Keeping your pet healthy is the most critical aspect of being a pet parent. It’s your responsibility to keep their vaccines up to date, provide nutrient-rich food, and engage in physical and mental activity consistently to keep them happy and healthy.
But what about unanticipated environmental threats that sneak up on you and your furry friend? Unfortunately, dangerous pollutants are more common than you may think, so read on to learn how best to avoid the following seven environmental hazards for your pets.
Ticks are one of the most frustrating pests to deal with in your yard. Unfortunately, they can have severe adverse effects on your pet, too. Many ticks transmit Lyme, ehrlichiosis, and Rocky Mountain Spotted Fever, leaving your pet with life-threatening ailments.
Fortunately, investing in tick control services is a sure-fire way to keep ticks at bay and raise a healthy pup.
Like humans, pets need a balanced, nutritious diet to remain healthy. Vitamins and nutrients are essential at all life stages, so you’ll need to invest in the appropriate kibble to ensure proper gut health and growth.
The best way to keep your pet healthy is to research food and treats thoroughly. Unfortunately, commercial pet foods often lack nutrients and have a surplus of chemical ingredients that can wreak havoc on your dog’s digestive system.
A seasonal shift can lead to sneeze-filled reactions to pollen and other environmental allergens. Dogs and cats, in particular, are allergic to pollen, though allergies present slightly different than in humans. Watch for itching, watery eyes, and excessive chewing, which can lead to sores, hair loss, or lesions. Talk to your vet about the best way to treat your pet’s allergy.
Standing water, including puddles or small ponds, can be a breeding ground for bacteria, insects, and algae. Unfortunately, drinking contaminated water can result in expensive vet visits and an unhappy pet. Likewise, if they splash around in the water and track it inside, they could transfer those dangers to other pets or children.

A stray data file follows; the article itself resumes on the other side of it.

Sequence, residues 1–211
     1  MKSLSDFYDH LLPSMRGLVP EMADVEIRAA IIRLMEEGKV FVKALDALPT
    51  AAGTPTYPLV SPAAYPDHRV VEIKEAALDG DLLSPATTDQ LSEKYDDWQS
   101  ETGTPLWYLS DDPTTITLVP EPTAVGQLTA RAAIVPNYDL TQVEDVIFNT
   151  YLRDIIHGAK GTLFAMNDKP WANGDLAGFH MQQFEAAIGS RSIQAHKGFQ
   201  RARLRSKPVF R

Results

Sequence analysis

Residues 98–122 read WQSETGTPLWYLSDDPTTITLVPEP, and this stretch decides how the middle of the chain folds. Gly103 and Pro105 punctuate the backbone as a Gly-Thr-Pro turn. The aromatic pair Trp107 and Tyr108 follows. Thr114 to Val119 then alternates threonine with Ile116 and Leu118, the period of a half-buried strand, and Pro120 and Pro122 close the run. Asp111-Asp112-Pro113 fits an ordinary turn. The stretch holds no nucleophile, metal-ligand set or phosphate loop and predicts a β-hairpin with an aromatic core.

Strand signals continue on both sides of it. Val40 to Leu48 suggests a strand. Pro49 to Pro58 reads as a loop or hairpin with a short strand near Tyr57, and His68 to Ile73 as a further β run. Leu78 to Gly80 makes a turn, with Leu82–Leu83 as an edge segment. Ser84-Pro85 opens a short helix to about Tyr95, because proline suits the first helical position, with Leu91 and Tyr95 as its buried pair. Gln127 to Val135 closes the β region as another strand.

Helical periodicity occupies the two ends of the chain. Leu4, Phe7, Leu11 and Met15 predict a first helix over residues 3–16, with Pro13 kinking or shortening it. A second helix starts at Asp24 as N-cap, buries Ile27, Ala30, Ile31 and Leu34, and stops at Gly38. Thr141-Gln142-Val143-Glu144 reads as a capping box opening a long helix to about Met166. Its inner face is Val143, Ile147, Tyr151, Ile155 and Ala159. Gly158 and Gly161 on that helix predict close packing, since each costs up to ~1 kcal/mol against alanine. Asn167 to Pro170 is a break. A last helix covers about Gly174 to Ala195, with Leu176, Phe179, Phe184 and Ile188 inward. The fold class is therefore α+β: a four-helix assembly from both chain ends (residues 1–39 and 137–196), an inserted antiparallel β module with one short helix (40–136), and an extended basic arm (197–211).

Mold is another significant danger to all living creatures—including your four-legged friends. Humans often notice the effects of mold quite quickly, but it can be trickier with pets. Whereas humans tend to fall ill or have respiratory troubles, pets often present differently.
Common signs of mold exposure in pets are loss of appetite, excessive licking, and lethargy, leading to respiratory, neurological, or GI issues if untreated.
Foxtails and stickers
If you’ve ever encountered a foxtail or sticker bush, you know just how painful they can be. Unfortunately, they aren’t always easy to spot—especially in thick-haired pets. Dogs and cats often fall victim to the spiny little balls when they walk in the grass or brush. The stickers can lodge in skin, hair, or around paw pads. So, if you know your yard might have sticker bushes or foxtails, do your best to remove them.
When you think of the phrase “killing them with kindness,” you can often apply it to pet obesity. Pet parents like to give their furry companions the best life possible. Unfortunately, when that best life involves overindulging, it can have detrimental health effects. To keep your pet healthy, only feed them what your vet recommends, and avoid table scraps or sweets entirely.
Though it can be nearly impossible to eliminate all threats to your furry friend, understanding the potential dangers can help you steer clear of most environmental hazards. Ultimately, being a responsible pet owner takes work. So, stay vigilant in avoiding nature’s risks to keep your pet healthy and happy for years to come.